23. Lenz’ Law Revisited – Moving Bar Example • As the bar moves to the right, the magnetic flux through the circuit increases with time because the area of the loop increases • The induced current must be in a direction such that it opposes the change in the external magnetic flux

  24. Lenz’ Law, Bar Example, cont • The flux due to the external field is increasing into the page • The flux due to the induced current must be out of the page • Therefore the current must be counterclockwise when the bar moves to the right

  25. Lenz’ Law, Bar Example, final • The bar is moving toward the left • The magnetic flux through the loop is decreasing with time • The induced current must be clockwise to to produce its own flux into the page

  26. Lenz’ Law Revisited, Conservation of Energy • Assume the bar is moving to the right • Assume the induced current is clockwise • The magnetic force on the bar would be to the right • The force would cause an acceleration and the velocity would increase • This would cause the flux to increase and the current to increase and the velocity to increase… • This would violate Conservation of Energy and so therefore, the current must be counterclockwise

  27. Lenz’ Law – Moving Magnet Example • A bar magnet is moved to the right toward a stationary loop of wire (a) • As the magnet moves, the magnetic flux increases with time • The induced current produces a flux to the left, so the current is in the direction shown (b)

  28. Lenz’ Law, Final Note • When applying Lenz’ Law, there are two magnetic fields to consider • The external changing magnetic field that induces the current in the loop • The magnetic field produced by the current in the loop

  29. Application – Tape Recorder • A magnetic tape moves past a recording and playback head • The tape is a plastic ribbon coated with iron oxide or chromium oxide • To record, the sound is converted to an electrical signal which passes to an electromagnet that magnetizes the tape in a particular pattern • To playback, the magnetized pattern is converted back into an induced current driving a speaker

  30. Generators • Alternating Current (AC) generator • Converts mechanical energy to electrical energy • Consists of a wire loop rotated by some external means • There are a variety of sources that can supply the energy to rotate the loop • These may include falling water, heat by burning coal to produce steam

  31. AC Generators, cont • Basic operation of the generator • As the loop rotates, the magnetic flux through it changes with time • This induces an emf and a current in the external circuit • The ends of the loop are connected to slip rings that rotate with the loop • Connections to the external circuit are made by stationary brushes in contact with the slip rings

  32. AC Generators, final • The emf generated by the rotating loop can be found by ε =2 B ℓ v=2 B ℓ sin θ • If the loop rotates with a constant angular speed, ω, and N turns ε = N B A ω sin ω t • ε = εmax when loop is parallel to the field • ε = 0 when when the loop is perpendicular to the field

  33. AC Generators – Detail of Rotating Loop • The magnetic force on the charges in the wires AB and CD is perpendicular to the length of the wires • An emf is generated in wires BC and AD • The emf produced in each of these wires is ε= B ℓ v= B ℓ sin θ

  34. DC Generators • Components are essentially the same as that of an ac generator • The major difference is the contacts to the rotating loop are made by a split ring, or commutator

  35. DC Generators, cont • The output voltage always has the same polarity • The current is a pulsing current • To produce a steady current, many loops and commutators around the axis of rotation are used • The multiple outputs are superimposed and the output is almost free of fluctuations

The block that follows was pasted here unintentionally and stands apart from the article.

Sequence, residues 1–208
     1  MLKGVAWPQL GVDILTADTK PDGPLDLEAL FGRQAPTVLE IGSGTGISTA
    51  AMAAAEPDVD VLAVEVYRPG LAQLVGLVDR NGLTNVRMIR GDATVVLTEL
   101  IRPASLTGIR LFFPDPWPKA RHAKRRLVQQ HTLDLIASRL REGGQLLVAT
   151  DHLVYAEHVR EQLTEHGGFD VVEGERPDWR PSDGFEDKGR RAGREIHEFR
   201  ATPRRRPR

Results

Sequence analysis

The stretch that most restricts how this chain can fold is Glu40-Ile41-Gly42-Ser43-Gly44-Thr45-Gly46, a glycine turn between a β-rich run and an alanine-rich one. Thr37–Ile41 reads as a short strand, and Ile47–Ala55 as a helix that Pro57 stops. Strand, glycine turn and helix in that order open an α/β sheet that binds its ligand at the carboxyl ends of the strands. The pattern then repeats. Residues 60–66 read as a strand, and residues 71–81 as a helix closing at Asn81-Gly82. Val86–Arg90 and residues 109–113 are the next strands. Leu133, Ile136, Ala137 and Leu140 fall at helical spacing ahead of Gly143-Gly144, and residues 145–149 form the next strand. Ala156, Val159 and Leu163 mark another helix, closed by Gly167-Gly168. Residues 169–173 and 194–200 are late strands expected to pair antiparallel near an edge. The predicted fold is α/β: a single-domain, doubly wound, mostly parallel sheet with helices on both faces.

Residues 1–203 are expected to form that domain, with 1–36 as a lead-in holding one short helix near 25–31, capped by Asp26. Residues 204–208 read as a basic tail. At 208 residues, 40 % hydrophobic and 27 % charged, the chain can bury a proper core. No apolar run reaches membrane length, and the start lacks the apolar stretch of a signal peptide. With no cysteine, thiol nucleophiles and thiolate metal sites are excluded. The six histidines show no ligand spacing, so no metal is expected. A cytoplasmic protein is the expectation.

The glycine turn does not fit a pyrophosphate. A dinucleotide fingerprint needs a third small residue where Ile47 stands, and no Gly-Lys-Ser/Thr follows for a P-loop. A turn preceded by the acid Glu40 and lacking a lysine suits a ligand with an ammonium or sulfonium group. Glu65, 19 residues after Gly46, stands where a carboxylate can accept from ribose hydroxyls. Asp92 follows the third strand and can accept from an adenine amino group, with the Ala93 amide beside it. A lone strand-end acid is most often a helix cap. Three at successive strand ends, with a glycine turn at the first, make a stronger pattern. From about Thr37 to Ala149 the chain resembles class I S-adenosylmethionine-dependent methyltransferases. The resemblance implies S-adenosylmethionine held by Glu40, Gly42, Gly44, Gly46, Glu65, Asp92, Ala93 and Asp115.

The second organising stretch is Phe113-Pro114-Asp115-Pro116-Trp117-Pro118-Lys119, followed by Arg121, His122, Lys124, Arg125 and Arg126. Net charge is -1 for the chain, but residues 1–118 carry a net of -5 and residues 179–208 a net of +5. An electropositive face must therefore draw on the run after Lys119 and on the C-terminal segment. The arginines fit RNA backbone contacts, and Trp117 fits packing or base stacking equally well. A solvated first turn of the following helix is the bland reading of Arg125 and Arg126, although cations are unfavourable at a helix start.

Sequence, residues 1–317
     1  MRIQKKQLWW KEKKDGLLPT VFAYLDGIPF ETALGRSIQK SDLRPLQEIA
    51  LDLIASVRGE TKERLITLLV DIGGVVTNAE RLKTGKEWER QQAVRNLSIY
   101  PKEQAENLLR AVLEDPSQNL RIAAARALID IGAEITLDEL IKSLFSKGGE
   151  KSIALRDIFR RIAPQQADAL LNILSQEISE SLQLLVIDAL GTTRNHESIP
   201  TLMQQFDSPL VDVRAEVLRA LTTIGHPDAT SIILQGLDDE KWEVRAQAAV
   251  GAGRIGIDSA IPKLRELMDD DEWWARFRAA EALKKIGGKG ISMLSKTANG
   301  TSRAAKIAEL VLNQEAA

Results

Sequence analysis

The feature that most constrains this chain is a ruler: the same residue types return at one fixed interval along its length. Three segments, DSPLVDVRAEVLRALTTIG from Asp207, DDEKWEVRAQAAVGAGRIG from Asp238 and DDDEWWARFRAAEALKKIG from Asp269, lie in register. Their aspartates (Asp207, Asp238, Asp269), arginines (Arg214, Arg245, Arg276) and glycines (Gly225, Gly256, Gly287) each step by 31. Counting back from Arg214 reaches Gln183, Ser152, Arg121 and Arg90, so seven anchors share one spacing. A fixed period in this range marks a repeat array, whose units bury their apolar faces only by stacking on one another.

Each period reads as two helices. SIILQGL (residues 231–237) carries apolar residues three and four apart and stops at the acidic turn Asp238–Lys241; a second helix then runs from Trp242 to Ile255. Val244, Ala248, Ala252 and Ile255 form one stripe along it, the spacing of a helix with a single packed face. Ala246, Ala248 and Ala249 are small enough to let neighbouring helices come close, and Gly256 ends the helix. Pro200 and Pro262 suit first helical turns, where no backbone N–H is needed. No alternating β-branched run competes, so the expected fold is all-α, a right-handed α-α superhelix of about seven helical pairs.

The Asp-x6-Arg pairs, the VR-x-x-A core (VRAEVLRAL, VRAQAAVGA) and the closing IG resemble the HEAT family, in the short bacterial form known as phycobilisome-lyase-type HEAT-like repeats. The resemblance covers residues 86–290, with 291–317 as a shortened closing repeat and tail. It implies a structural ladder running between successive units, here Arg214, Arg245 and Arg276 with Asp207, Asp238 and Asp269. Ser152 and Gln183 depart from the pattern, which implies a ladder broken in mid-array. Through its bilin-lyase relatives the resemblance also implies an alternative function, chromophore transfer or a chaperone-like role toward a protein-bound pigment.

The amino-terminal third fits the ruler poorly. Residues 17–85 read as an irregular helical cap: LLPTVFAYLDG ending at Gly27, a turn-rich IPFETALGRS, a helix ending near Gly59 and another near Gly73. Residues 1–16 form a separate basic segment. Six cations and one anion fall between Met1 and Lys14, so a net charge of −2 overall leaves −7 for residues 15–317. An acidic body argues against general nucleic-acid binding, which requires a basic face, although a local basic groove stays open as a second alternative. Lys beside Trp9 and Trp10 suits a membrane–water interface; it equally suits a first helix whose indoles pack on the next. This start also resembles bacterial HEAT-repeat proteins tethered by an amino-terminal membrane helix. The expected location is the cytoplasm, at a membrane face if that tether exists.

36. Motors • Motors are devices that convert electrical energy into mechanical energy • A motor is a generator run in reverse • A motor can perform useful mechanical work when a shaft connected to its rotating coil is attached to some external device

  37. Motors and Back emf • The phrase back emf is used for an emf that tends to reduce the applied current • When a motor is turned on, there is no back emf initially • The current is very large because it is limited only by the resistance of the coil

  38. Motors and Back emf, cont • As the coil begins to rotate, the induced back emf opposes the applied voltage • The current in the coil is reduced • The power requirements for starting a motor and for running it under heavy loads are greater than those for running the motor under average loads

  39. Self-inductance • Self-inductance occurs when the changing flux through a circuit arises from the circuit itself • As the current increases, the magnetic flux through a loop due to this current also increases • The increasing flux induces an emf that opposes the change in magnetic flux • As the magnitude of the current increases, the rate of increase lessens and the induced emf decreases • This opposing emf results in a gradual increase of the current

  40. Self-inductance cont • The self-induced emf must be proportional to the time rate of change of the current • L is a proportionality constant called the inductance of the device • The negative sign indicates that a changing current induces an emf in opposition to that change

  41. Self-inductance, final • The inductance of a coil depends on geometric factors • The SI unit of self-inductance is the Henry • 1 H = 1 (V · s) / A • You can determine an expression for L

  42. Joseph Henry • 1797 – 1878 • First director of the Smithsonian • First president of the Academy of Natural Science • First to produce an electric current with a magnetic field • Improved the design of the electro-magnetic and constructed a motor • Discovered self-inductance

  43. Inductor in a Circuit • Inductance can be interpreted as a measure of opposition to the rate of change in the current • Remember resistance R is a measure of opposition to the current • As a circuit is completed, the current begins to increase, but the inductor produces an emf that opposes the increasing current • Therefore, the current doesn’t change from 0 to its maximum instantaneously

  44. RL Circuit • When the current reaches its maximum, the rate of change and the back emf are zero • The time constant, , for an RL circuit is the time required for the current in the circuit to reach 63.2% of its final value

  45. RL Circuit, cont • The time constant depends on R and L • The current at any time can be found by

  46. Energy Stored in a Magnetic Field • The emf induced by an inductor prevents a battery from establishing an instantaneous current in a circuit • The battery has to do work to produce a current • This work can be thought of as energy stored by the inductor in its magnetic field • PEL = ½ L I2